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Restless: movie review image

Restless: movie review

A film that explores the question - how do teenagers respond to the reality of death?

Death and teenagers

Restless is a sensitive teenage consideration of death that every parent and Gen-Y pundit would do well to consider.

Henry Hopper plays Enoch Brae, a troubled teen who has taken to spectating at strangers’ funerals. His parents have died years earlier in a tragic car accident. Now he stands at the back of eulogy after eulogy, looking for some meaning. At one service he meets Annabel Cotton (Mia Wasikowska), a girl he discovers is contemplating her own funeral. Annabel has an inoperable brain tumor that will end her life inside of three months. Enoch is more accepting of her demise than anyone she knows – not surprising given he spent three minutes dead and three months in a coma after the accident that shattered his family. But what death took away with one hand, it gave back with another. Enoch awoke to find the ghost of Hiroshi Takahashi (Ryo Kase), a young Japanese kamikaze pilot sitting on the end of his bed. Together they form an unlikely trio, each seeking to come to terms with death and what comes next.

Restless explores how teenagers cope with death.

Searching for meaning

Restless is well named for the curiosity that consumes each character. Though the film displays all the classic responses to death – displacement, humour, denial and anger – it is ultimately the teenagers’ longing to understand what their lives mean in the face of this one undeniable fact that generates the film’s drama.

Enoch struggles to understand death’s cruelty;

Hiroshi wonders what he has gained by embracing it;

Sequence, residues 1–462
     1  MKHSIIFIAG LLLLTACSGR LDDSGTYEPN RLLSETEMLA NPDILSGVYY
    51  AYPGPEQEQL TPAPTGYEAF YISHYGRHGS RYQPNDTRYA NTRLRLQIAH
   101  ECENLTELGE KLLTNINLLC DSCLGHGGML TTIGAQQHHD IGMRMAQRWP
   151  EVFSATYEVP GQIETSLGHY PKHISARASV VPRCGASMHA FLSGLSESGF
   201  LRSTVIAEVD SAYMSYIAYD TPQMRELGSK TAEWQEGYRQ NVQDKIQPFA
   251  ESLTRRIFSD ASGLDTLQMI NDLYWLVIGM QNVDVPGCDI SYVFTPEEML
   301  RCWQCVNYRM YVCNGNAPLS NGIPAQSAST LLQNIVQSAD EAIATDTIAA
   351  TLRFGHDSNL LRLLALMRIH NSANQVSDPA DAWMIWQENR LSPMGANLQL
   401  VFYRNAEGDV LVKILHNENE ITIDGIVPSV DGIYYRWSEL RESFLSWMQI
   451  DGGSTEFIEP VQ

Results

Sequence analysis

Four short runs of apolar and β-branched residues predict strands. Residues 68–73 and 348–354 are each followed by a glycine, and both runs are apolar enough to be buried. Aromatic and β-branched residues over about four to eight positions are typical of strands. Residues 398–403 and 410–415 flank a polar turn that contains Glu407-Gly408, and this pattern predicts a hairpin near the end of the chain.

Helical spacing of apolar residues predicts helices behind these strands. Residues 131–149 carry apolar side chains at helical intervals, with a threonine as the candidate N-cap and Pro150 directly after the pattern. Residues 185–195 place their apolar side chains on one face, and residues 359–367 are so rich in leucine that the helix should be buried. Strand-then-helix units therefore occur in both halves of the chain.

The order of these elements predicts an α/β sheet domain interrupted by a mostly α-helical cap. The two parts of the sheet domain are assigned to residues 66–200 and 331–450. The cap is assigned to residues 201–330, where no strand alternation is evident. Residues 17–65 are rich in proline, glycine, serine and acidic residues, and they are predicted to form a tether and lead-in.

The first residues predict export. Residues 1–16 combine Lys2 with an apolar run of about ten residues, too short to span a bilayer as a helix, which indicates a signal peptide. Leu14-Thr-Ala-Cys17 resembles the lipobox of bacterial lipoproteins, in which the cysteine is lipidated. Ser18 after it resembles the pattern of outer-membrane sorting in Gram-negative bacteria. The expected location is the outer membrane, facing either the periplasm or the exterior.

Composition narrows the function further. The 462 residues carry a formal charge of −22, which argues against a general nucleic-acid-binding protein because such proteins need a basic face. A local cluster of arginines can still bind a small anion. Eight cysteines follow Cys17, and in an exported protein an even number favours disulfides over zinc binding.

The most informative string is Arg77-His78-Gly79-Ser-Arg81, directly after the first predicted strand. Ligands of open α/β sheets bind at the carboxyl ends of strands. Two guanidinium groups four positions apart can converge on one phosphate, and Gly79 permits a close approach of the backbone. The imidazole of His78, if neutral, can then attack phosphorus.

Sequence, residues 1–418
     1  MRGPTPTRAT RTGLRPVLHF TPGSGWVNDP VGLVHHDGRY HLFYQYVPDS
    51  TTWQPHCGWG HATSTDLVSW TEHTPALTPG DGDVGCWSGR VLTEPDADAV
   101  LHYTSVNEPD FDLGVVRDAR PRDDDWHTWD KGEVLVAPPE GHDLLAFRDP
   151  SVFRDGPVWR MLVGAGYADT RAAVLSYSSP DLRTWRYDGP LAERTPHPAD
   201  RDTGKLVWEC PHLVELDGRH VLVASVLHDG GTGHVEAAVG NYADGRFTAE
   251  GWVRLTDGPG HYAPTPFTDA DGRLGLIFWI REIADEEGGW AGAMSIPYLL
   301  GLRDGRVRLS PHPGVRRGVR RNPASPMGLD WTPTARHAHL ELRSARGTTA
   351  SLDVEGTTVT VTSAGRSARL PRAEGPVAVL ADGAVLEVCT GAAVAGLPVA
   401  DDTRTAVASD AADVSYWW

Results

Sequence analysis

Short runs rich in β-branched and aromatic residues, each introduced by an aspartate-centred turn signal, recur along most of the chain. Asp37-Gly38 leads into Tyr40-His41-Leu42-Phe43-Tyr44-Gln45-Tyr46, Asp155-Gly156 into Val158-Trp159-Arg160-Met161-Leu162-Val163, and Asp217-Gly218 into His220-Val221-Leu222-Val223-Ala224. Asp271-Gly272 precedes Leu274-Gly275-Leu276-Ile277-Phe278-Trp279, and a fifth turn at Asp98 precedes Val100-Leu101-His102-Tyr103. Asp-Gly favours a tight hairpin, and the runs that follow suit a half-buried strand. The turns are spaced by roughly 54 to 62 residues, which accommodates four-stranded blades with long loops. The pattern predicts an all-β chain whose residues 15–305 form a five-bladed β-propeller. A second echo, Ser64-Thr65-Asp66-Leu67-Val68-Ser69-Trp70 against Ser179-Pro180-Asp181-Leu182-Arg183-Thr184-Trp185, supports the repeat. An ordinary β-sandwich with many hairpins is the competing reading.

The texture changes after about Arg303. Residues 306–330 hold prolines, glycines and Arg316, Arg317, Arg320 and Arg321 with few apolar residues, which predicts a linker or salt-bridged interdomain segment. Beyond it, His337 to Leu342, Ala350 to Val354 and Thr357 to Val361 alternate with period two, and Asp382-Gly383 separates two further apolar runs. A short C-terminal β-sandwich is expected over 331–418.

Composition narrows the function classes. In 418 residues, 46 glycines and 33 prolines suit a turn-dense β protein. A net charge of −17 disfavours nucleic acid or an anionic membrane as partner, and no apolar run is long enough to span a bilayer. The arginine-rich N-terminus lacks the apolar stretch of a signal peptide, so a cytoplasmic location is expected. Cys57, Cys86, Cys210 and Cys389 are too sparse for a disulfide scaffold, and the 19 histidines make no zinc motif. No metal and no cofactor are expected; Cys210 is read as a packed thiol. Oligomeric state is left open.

Annabel looks for the beauty its shadow helps define.

Leafing her way through her favourite bird book, Annabel tells her sister:

“Apparently there's this bird that thinks it will die every night so that when it wakes up in the morning, it's so shocked it sings this beautiful song. Just happy not to be dead I guess.”

In the end, this is the attitude they all choose to embrace. Spending too much time focusing on death will rob you of the joy of living. Very early on in the film Annabel tells Enoch that it is his insistence on wearing black that makes it so hard for him to blend in at funerals:

Annabelle: The black was the giveaway. No one nears black any more. You're supposed to wear bright colours.
Enoch: Why?
Annabelle: It's depressing
Enoch: I don’t have any colours.

But watch and you’ll see that by the end of the film that is exactly what Enoch has found. They may be subdued, but when he attends Annabel’s funeral, the clothes he is wearing are the soft greys and muted browns that reflect the Edwardian fantasies they used to enact together. He has turned his back on the wound of her departure to consider the joy she brought to his life.

Final thoughts

Now all of this might sound very familiar, and of course it is. Funerals today seldom spend much time talking about the bitterness of death. They have become 'celebrations of life' rather than sober considerations of what comes next. But there are a few encouraging things Christians can note.

Firstly, all of the teenage characters are comfortable with the idea of a spiritual existence after death. In fact just when director Gus Van Sant looks set to prove that Hiroshi is no more than a figment of Enoch’s distressed imagination, he turns his kamikaze friend into a symbol for a love that the grave cannot subdue. Perhaps Generation Y has looked on the atheistic ‘this is all there is’ philosophy and found it not only unpalatable but unlikely.

Finally, there is hope for those parents who wonder if their children have heard anything they have to say about the important things in life. Long after they are dead, Enoch’s parents continue to exert a stabilising influence on their life, even when he is angry at their absence.

One of the most endearing moments of the film is when Enoch introduces Annabel to his parents through a playful chat with their headstone. They laugh, but their responses make it clear that though mum and dad are gone, Enoch is in no doubt what his parents would have said if they were alive. Restless doesn’t amount to a Christian consideration of death, and the path Jesus provides beyond it by any means, but it does reveal that the current generation are open to the conversation and likely to remember what you say.

Restless is rated M & is in cinemas December 1st.

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